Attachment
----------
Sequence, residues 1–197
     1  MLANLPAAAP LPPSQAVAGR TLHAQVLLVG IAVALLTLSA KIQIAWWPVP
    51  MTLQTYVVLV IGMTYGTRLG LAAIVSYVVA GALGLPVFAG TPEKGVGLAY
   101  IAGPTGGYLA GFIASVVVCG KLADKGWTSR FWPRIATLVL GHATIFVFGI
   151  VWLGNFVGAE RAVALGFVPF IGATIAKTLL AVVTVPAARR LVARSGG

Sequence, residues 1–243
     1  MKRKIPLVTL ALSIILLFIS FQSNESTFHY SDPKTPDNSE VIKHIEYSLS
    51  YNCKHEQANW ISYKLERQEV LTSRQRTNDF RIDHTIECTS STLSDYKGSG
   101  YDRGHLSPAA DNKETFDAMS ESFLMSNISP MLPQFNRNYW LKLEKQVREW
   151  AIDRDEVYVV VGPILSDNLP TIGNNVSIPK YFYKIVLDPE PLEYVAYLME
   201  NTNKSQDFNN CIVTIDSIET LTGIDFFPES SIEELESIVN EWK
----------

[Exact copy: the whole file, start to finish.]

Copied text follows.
Sequence, residues 1–197
     1  MLANLPAAAP LPPSQAVAGR TLHAQVLLVG IAVALLTLSA KIQIAWWPVP
    51  MTLQTYVVLV IGMTYGTRLG LAAIVSYVVA GALGLPVFAG TPEKGVGLAY
   101  IAGPTGGYLA GFIASVVVCG KLADKGWTSR FWPRIATLVL GHATIFVFGI
   151  VWLGNFVGAE RAVALGFVPF IGATIAKTLL AVVTVPAARR LVARSGG

Sequence, residues 1–243
     1  MKRKIPLVTL ALSIILLFIS FQSNESTFHY SDPKTPDNSE VIKHIEYSLS
    51  YNCKHEQANW ISYKLERQEV LTSRQRTNDF RIDHTIECTS STLSDYKGSG
   101  YDRGHLSPAA DNKETFDAMS ESFLMSNISP MLPQFNRNYW LKLEKQVREW
   151  AIDRDEVYVV VGPILSDNLP TIGNNVSIPK YFYKIVLDPE PLEYVAYLME
   201  NTNKSQDFNN CIVTIDSIET LTGIDFFPES SIEELESIVN EWK